(1) Dario Kordic in ICTY, Prosecutor v. Dario Kordic and Cerkez (‘Lasva Valley'), IT-95-14/2 was convicted at trial among other charges. (2) In ICTY, Prosecutor v. Miodrag Jokic (‘Dubrovnik'), IT-01-42/1, Jokic pleaded guilty for his involvement on the attack on Dubrovnik, and was sentenced to seven years' imprisonment, including for destruction of education buildings among other charges. (3) In ICTY, Prosecutor v. Pavle Strugar (‘Dubrovnik') IT-01-42, Strugar was convicted among other charges for destruction or wilful damage done to institutions dedicated to education during the attack on Dubrovnik and sentenced to 7.5 years imprisonment. (4) In ICTY, Prosecutor v. Milan Martic (‘RSK'), IT-95-11, Martic was charged with destruction of buildings dedicated to religion and education and although he was convicted on this count it was due to attacks on religious buildings not schools as the Court found there was insufficient evidence that the school at the church of the Assumption of the Virgin in Skabrnja was not being used for military purposes in November 1991. (5) In ICTY, Prosecutor v. Tihomir Blaskic (‘Lasva Valley') IT-95-14, Blaskic was originally convicted by the trial chamber of, amongst other crimes, destruction or wilful damage to institutions of education and religion, however, that portion of his conviction was overturned on appeal. (6) In ICTY, Prosecutor v. Milan Babic, (‘RSK'), IT-03-72, Babic was originally indicted for destruction or wilful damage done to institutions dedicated to education or religion, however that accusation was withdrawn as part of a plea agreement. (7)-(12) The six defendants on trial in ICTY, Prosecutor v. Jadranko Prlic et al., IT-04-74 are all charged with destruction or wilful damage to institutions dedicated to religion or education, but that trial is still currently underway; the case also includes allegations that a number of elementary and high schools were used as detention centres. (13) The case ICTY, Prosecutor v. Slobodan Milosevic (‘Kosovo, Croatia and Bosnia'), IT-02-54, included charges of destruction and wilful damage to institutions dedicated to education, but those proceedings were terminated following Milosevic's death. (14) Mehmed Alagic (ICTY, Prosecutor v. Enver Hadzihasanovic and Amir Kubura, IT-01-47) was indicted on these grounds but died and the proceedings were terminated. (15) In ICTY, Prosecutor v. Goran Hadzic, IT-04-75, Hadzic has also been indicted for the destruction or wilful damage to institutions dedicated to religion or education, but remains at large. (16) ICTY, Prosecutor v. Vojislav Seselj, IT-03-67 originally indicted Seselj on these grounds, although that charge was dropped from the third amended indictment, and the trial is now adjourned until further notice due to alleged threats to a number of the Prosecutor's witnesses. As discussed above, the cases against (17) Pasko Ljubicic and (18) Vladimir Kovacevic have been referred to domestic courts in Bosnia and Serbia, respectively.
 See ICTY, Prosecutor v. Vujadin Popovic et al. (‘Srebrenica') IT-05-88 (currently on trial); ICTY, Prosecutor v. Milan Simic (‘Bosanski Samac') IT-95-9/2 (pleaded guilty); ICTY, Prosecutor v. Zdravko Tolimir (‘Srebrenica') IT-05-88/2 (currently on trial); ICTY, Prosecutor v. Dragan Zelenovic (‘Foca') IT-96-23/3 (pleaded guilty); ICTY, Prosecutor v. Stevan Todorovic (‘Bosanski Samac') IT-95-9/1 (pleaded guilty); ICTY, Prosecutor v. Milorad Trbic (‘Srebrenica') IT-05-88/1 (case transferred to Bosnia courts); ICTY, Prosecutor v. Dragan Obrenovic (‘Srebrenica') IT-02-60/2 (pleaded guilty); ICTY, Prosecutor v. Stevan Janovic and Dragan Stankovic (‘Foca') IT-96-23/2 (case transferred to Bosnia and convicted); ICTY, Prosecutor v. Vidoje Blagojevic and Dagan Jokic, IT-02-60 (convicted); ICTY, Prosecutor v. Radoslav Brdanin (‘Krajina') IT-99-36 (convicted); ICTY, Prosecutor v. Hadzihasanovic and Kubura, IT-01-47 (Enver Hadzihasanovic convicted for cruel treatment at a Zenica music school, Amir Kubura convicted on other grounds, Mehmed Alagic deceased); ICTY, Prosecutor v. Ivica Rajic (‘Stupni do') IT-95-12 (pleaded guilty); ICTY, Prosecutor v. Dragoljub Kunarac, Radomir Kovac, and Zoran Vukovic (‘Foca') IT96-23 and 23/1 (all three defendants convicted); and ICTY, Prosecutor v. Milan Simic et al. (‘Bosanski Samac') IT-95-9.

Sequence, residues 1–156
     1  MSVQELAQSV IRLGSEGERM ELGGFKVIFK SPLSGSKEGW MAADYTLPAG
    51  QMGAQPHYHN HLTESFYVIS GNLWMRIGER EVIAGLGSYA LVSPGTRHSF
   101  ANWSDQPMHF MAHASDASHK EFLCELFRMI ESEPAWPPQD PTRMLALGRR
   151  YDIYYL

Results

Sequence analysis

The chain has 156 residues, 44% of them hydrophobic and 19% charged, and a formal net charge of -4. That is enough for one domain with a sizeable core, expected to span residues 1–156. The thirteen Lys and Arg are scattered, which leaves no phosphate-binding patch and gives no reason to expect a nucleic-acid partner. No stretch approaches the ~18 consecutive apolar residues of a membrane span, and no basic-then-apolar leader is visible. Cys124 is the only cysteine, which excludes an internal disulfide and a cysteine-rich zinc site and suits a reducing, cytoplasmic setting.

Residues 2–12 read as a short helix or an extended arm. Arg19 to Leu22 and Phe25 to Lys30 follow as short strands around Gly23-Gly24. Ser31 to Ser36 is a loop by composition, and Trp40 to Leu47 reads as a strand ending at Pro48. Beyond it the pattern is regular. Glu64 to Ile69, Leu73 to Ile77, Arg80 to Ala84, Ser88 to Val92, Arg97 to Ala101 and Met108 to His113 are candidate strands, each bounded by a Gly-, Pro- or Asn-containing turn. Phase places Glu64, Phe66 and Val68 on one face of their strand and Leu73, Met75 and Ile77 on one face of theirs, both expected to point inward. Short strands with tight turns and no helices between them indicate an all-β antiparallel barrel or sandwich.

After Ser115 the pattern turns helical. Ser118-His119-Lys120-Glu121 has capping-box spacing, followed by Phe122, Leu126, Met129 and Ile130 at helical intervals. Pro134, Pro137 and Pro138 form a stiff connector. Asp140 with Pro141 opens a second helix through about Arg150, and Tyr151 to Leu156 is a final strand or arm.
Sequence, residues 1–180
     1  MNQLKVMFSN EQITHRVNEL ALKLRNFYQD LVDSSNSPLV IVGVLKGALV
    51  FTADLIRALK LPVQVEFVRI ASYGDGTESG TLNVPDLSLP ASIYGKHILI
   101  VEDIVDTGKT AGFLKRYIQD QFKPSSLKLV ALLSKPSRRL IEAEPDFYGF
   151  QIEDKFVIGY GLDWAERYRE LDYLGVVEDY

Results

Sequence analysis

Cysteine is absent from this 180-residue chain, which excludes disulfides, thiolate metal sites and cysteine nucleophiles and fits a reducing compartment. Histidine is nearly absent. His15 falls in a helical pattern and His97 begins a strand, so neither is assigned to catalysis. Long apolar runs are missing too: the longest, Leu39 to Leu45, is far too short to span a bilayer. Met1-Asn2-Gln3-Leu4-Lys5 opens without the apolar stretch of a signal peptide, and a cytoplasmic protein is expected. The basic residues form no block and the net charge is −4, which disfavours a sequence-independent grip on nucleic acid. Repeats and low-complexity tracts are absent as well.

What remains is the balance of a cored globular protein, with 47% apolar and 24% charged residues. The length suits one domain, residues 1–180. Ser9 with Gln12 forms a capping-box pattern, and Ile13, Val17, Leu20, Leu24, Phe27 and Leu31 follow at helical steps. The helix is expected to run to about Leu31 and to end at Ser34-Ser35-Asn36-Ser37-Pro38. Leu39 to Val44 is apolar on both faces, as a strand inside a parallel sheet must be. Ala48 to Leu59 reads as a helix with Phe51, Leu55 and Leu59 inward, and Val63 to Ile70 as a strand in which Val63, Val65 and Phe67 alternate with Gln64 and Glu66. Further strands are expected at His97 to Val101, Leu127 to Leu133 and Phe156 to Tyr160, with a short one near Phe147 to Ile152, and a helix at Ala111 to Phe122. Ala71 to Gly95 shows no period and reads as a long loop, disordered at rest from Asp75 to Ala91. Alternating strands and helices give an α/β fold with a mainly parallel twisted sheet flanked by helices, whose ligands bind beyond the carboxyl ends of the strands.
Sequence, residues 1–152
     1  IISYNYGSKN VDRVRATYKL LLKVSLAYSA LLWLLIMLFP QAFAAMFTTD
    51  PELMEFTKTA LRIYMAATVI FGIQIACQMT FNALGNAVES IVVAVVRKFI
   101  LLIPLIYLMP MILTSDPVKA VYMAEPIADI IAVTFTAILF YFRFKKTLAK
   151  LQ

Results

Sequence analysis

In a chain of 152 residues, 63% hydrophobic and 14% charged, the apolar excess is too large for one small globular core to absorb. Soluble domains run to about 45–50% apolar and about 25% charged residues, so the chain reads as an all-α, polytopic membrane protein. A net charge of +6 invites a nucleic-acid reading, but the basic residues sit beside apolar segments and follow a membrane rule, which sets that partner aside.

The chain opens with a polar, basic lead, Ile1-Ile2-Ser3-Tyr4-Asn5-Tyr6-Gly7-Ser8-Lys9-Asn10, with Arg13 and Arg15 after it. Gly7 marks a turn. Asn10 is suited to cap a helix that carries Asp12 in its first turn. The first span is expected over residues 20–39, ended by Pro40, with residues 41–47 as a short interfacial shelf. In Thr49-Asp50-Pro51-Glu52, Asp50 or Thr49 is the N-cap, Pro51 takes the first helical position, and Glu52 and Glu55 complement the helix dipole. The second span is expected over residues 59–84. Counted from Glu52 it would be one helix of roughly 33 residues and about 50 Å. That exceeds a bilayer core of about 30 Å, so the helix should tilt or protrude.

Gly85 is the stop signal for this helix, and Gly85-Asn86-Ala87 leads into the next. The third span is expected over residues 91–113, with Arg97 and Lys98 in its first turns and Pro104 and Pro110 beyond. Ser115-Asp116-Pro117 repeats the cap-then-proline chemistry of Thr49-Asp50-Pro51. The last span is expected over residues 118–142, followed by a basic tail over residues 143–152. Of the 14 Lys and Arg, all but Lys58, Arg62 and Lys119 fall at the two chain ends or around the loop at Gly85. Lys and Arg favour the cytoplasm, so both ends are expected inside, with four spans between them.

See for example, UNGA, Rome Statute, art. 25(4): ‘No provision in this Statute relating to individual criminal responsibility shall affect the responsibility of States under international law.'
 Moreover, as a matter of international law, the conduct of an insurrectional movement which becomes the new government of a state, or which succeeds in establishing a new State in part of the territory of a pre-existing State, will be considered - even retro-actively - an act of State. See International Law Commission, Draft Articles on Responsibility of States for Internationally Wrongful Acts, Supplement No. 10 (A/56/10), chp.IV.E.1 (November 2001), art. 10,http://untreaty.un.org/ilc/texts/instruments/english/draft%20articles/9_6_2001.pdf (accessed October 13, 2009).
 HRW, "Being Neutral is Our Biggest Crime".